Roomali means handkerchief in Hindi. Lighter than any naan or roti, and significantly larger than my head, the Roomali roti was a joy to eat. I found one was just enough to eat with one bowl of curry. If you are hungrier and order two Roomali rotis, I recommend you ordering them as you finish the Roomali roti. They are best eaten as fresh as possible, with the swipe of barely-there butter still glistening as it kisses the surface of the wonderfully light surface.



Dining partner’s lamb Beliram was tasty, hints of warming cinnamon and the addictive bite of garlic coming through after a few seconds. Chef Beliram was the head chef to eighteenth century Maharaja Ranjit Singh, whose celebrated lamb dish transcended time. I wonder what Chef Beliram would have thought if he knew his recipe was still being used today? I think he would have a smile on his face, as it has been recreated with TLC by Lotus Indian Kitchen.



Dessert of carrot halwa cake was delicious, the lightly spiced cardamom-infused sponge fragrant on the palate. I thought the light as air whipped buttercream especially good, and knowing that the cake was sourced from a local baker rendered enjoyment all the more pleasurable.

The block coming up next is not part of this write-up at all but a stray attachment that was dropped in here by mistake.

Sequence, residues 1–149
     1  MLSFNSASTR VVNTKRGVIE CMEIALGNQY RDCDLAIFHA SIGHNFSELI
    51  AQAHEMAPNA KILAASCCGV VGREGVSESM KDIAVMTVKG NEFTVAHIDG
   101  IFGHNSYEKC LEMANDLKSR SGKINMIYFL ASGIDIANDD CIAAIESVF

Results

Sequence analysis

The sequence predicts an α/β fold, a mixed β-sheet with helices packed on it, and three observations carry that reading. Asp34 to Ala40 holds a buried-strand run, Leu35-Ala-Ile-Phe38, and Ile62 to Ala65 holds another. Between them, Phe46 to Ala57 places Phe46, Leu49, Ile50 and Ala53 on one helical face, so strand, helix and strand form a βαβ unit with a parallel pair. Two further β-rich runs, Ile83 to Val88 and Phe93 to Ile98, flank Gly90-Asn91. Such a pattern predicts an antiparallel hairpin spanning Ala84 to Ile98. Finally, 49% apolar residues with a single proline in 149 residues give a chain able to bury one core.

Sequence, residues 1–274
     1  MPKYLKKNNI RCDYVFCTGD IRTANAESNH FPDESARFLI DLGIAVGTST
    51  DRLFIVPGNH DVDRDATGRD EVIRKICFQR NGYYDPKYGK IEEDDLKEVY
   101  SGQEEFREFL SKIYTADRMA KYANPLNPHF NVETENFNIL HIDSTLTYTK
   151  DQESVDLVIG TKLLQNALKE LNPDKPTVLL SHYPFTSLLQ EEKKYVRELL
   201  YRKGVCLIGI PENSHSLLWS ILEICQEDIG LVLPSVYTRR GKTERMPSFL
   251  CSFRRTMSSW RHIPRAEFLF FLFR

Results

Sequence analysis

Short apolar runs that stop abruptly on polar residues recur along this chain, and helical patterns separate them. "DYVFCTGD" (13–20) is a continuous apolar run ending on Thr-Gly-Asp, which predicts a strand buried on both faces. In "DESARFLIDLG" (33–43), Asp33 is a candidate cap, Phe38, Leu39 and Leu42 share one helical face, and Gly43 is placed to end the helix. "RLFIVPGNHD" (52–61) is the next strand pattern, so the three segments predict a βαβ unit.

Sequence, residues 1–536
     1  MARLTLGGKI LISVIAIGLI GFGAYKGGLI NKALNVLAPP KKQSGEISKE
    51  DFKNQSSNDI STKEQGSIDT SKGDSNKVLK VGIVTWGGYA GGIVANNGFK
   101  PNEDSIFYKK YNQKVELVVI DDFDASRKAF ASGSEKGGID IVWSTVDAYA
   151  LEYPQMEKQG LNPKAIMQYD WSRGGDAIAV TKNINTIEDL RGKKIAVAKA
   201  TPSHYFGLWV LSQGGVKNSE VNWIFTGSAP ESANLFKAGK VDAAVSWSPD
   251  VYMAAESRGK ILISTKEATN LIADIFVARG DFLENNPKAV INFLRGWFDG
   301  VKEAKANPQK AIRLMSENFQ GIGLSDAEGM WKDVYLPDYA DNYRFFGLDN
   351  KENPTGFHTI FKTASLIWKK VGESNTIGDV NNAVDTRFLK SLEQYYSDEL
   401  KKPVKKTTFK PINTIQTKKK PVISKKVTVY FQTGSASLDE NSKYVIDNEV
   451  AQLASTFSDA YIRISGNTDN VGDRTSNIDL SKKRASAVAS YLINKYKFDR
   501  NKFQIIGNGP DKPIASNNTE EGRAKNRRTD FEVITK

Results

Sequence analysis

Here are some beer and wine tasting notes with the dishes we ate, should you wish to pair it with a particular drink. 


Tawa keema

Beer flight: Lukas Helles Lager

Wine flight: Syrah (La Cour des Dames)


Tandoori King Prawns

Beer flight: Jaipur

Wine flight: Sauvignon blanc (Waka Taua)


Bombay chaat

Beer flight: Salvation

Wine flight: Sauvignon blanc (Lawson’s dry hills)


Lamb Beliram

Beer flight: Cobra

Wine flight: Zinfandel (Pink Orchid)


Tariwala chicken

Beer flight: Dead Pony Club Session IPA

Wine flight: Chardonnay (Murphy’s big river)


Carrot halwa cake – paired with a steaming hot cappuccino


Dining at Lotus Indian Kitchen is a joy. It is lovely and warm, the bathroom is nicely kitted out (those temperature-controlled taps are brilliant), and artwork sourced directly from India adorning the walls gives the space an added layer of theatre.